In other words, the base of an octal number system is 8, which implies that system has 8 specific counting digits or alternatively, 8 digits are used under this type of a system (0-7). The significance of a decimal type digit’s system and that of an octal type system is precisely same.

Under the octal system, the positive value or the weight position of every digits, can be demonstrated via different powers of 8, as has been shown below:

8_{3} 8_{2} 8_{1} 8_{0} . 8_{-1} 8_{-2} 8_{-3}

For example, the decimal octal point of an octal 352 is as under:

3 5 2 . 0

82 81 80

64 8 1 =3×64+5×8+2×1=234_{10}

One of the greatest advantages of an octal system is that its numbers are one-third (1/3) in length as compared to binary numbers. Therefore, from the viewpoint of a computer operator, it is quite easy for an operator to control or handle the input-output data of a digital computer in a situation of octal numbers. Moreover, the generated prints are more comprehensive and as such also tend to be readable. Further, conversion from binary to octal and octal to binary may be carried out quite quickly and effortlessly.

**Octal to Decimal Number Conversion **

**Example. 8 Convert the actual 127.24 into the decimal equivalent number**

**Solution:**

127.24_{8}=1×8_{2}+2×8_{1}+7×8_{0}+2×8_{-1}+4×8_{-2}

=64+16+7+2/8+4/64=87.3125_{10 (}Ans)

**Decimal to Octal Number Conversion**

**Example.9 Convert 175 _{10 }into octal equivalent**

**Solution:**

175+8=21 with 7 remainder

21+8=2 with 5 remainder

2+8=0 with 2 remainder

Taking the remainder in the reverse order, we get 257_{8}.

Thus, 175_{10}=257_{8} (Ans)

**Example.10 Convert decimal fraction 0.15 into its octal equivalent**

**Solution:**

0.15×8=1.20=0.20 with a carry of 1

0.20×8=1.60=0.60 with a carry of 1

0.60×8=4.80=0.80 with a carry of 4 etc.

Taking the carriers in the forward direction,

Thus, 0.15_{10}=0.114_{8} … (Ans)

**Binary to Octal Number Conversion**

The simplest of techniques being adopted for the conversion from binary to octal numbers, is known as “binary-triple method”. According to this method, a binary number is arranged within a probable group of 3-bits beginning from its octal point, then every group is converted into its equivalent octal number. Remember that zeros (0s) can be added to the incomplete group if necessary, through forming numerous groups of 3-bits each.

**Example.11 Convert binary number 1011.01101 into its octal.**

**Solution:**

Start at the binary point and working both ways, separate the bits into groups of three when necessary. Add zeros (0s) to complete the outside groups. Then convert each group of 3 into its binary equivalent.

1011.01101→ 001 011.011 010

↓ ↓ ↓ ↓

1 3 3 2

Thus, 1011.01101_{2}=13.32_{8} … (Ans)

**Octal to Binary Number Conversion**

This method of conversion from octal to binary is entirely different from the one being used for the conversion of binary to octal. That’s every digit of a given octal number is converted into an equivalent binary triplet. It is worth remembering here that a number of digits in octal numbers is one-third (1/3) of the digits in an equivalent binary number.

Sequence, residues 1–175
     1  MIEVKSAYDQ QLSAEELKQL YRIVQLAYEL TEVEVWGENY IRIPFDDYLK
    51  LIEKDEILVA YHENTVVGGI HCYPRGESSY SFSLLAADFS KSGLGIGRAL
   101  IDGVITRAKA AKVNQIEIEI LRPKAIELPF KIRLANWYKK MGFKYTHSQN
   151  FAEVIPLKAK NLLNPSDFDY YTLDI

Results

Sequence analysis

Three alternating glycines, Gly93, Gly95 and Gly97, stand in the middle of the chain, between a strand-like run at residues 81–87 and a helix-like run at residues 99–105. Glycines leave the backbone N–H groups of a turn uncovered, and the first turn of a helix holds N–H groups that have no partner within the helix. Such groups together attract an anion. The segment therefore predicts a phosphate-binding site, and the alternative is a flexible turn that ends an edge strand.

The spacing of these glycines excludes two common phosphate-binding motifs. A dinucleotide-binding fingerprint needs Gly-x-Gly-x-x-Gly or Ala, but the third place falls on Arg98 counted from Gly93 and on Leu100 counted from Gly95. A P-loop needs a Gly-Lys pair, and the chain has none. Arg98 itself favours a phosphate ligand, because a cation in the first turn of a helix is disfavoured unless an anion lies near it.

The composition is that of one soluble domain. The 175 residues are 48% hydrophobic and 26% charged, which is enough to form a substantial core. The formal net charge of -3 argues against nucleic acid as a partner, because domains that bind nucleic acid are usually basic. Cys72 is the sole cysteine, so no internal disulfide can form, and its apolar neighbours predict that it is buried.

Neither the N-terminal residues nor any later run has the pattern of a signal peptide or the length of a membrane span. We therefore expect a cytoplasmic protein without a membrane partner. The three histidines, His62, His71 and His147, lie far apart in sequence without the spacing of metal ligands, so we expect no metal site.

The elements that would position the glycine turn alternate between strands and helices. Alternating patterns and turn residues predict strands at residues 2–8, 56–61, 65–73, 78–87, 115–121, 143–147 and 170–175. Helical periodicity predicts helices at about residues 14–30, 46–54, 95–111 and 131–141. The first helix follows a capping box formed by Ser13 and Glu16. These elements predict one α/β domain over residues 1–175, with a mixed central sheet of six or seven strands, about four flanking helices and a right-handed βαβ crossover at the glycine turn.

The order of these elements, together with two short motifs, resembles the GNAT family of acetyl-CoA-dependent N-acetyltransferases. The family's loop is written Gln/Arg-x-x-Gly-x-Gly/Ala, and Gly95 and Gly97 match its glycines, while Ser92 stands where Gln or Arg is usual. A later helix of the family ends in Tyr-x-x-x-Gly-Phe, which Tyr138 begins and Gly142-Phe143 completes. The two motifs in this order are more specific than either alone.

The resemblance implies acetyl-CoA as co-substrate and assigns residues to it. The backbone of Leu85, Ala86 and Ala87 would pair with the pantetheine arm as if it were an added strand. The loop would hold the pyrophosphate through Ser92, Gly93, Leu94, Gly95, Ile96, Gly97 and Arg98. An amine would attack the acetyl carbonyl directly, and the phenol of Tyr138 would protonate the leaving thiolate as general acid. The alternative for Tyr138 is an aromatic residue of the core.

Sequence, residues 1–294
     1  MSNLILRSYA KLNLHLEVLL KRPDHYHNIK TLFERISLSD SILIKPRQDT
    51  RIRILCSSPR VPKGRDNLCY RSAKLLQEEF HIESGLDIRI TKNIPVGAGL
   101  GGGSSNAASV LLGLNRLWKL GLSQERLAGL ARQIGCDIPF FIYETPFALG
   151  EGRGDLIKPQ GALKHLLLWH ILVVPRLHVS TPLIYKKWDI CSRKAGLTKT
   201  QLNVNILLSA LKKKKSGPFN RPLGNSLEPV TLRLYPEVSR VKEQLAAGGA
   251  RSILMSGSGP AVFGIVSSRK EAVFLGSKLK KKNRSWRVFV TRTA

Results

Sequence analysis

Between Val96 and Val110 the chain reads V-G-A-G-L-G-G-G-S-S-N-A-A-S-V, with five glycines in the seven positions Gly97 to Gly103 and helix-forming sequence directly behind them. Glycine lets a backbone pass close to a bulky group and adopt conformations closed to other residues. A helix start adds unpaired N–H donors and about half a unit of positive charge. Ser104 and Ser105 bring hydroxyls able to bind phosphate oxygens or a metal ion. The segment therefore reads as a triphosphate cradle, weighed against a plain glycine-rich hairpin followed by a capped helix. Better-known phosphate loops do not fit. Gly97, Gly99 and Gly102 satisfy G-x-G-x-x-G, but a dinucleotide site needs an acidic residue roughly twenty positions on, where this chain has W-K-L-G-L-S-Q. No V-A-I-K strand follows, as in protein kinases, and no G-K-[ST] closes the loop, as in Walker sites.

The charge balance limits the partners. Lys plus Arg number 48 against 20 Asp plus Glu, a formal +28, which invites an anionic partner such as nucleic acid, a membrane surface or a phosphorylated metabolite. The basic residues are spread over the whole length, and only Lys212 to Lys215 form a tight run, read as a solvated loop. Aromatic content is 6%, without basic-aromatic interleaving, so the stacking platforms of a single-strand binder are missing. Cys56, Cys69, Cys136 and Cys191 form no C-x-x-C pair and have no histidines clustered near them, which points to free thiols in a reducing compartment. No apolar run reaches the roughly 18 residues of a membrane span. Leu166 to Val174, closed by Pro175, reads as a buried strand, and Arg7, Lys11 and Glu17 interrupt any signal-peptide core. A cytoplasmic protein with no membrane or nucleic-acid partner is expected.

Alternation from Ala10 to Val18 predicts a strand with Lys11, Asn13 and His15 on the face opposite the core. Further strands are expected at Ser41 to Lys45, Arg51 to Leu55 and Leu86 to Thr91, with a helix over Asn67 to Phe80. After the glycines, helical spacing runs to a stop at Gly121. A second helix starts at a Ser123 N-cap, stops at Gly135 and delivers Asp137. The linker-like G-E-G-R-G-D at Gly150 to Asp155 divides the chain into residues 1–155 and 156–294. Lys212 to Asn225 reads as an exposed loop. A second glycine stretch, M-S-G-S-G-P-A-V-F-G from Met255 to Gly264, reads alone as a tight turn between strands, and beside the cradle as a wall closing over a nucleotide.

**Example. 12 Convert 75 _{8} and 74.562_{8} into their binary equivalents.**

**Solution:**

(i) 7 5

↓ ↓

111 101

Thus, 75_{8} = 111101_{2} … (Ans)

(ii) 7 4. 5 6 2

↓ ↓ ↓ ↓ ↓

111 100. 101 110 010

74.562_{8}=111100.101110010_{2 … }(Ans)

**Hexadecimal Number System and Conversion:**

A hexadecimal number system as its name suggests, comprises 16 digits, due to this very reason it is called a hexadecimal system. The first ten digits from 0 to 9 in this system are decimal whereas, the remaining 6 digits (i.e. 10 – 15) are denoted by capital alphabets characters (A to F). The largest number in hexadecimal tends to be F=15 which is equivalent in binary to 1111_{2}. It clearly replicates, that it consists of a total of four bits. Thus, whenever binary numbers are required to be converted to hexadecimal numbers, we form groups of 4-bits each (as each hexadecimal digit represents a four-digit binary number). In table 1.3, hexadecimal digits have been represented via corresponding decimal and binary digits.

Decimal | Binary | Hexadecimal |

0 | 0000 | 0 |

1 | 0001 | 1 |

2 | 0010 | 2 |

3 | 0011 | 3 |

4 | 0100 | 4 |

5 | 0101 | 5 |

6 | 0110 | 6 |

7 | 0111 | 7 |

8 | 1000 | 8 |

9 | 1001 | 9 |

10 | 1010 | A |

11 | 1011 | B |

12 | 1100 | C |

13 | 1101 | D |

14 | 1110 | E |

15 | 1111 | F |

As this system is easy and comparatively short as compared to other number systems, therefore it is enormously used in microprocessor tasks (or computer field). Suppose we have binary word 101000100101. As this word has been generated in computers’ language, therefore it is quite hard to read and write its values. In the hexadecimal system, this word is equivalent to (A25)_{16}, which can be read, written or spoken relatively easily. That’s the reason, hexadecimal system is being broadly used in day-to-day computer technology. After reaching F, for further counting purposes 2-digits combination method is used in hexadecimal system. Under this method, the second digit (i.e. 1) is combined with the first digit (i.e. 0) in order to make it 10, which represents 16 in decimal. Exactly in the similar fashion, second digit is combined with the third one and so on. This has been illustrated vide table 1.4

Hexadecimal |
Decimal |
Hexadecimal |
Decimal |
Hexadecimal |
Decimal |

0 | 0 | B | 11 | 16 | 22 |

1 | 1 | C | 12 | 17 | 23 |

2 | 2 | D | 13 | 18 | 24 |

3 | 3 | E | 14 | 19 | 25 |

4 | 4 | F | 15 | 1A | 26 |

5 | 5 | 10 | 16 | 1B | 27 |

6 | 6 | 11 | 17 | 1C | 28 |

7 | 7 | 12 | 18 | 1D | 29 |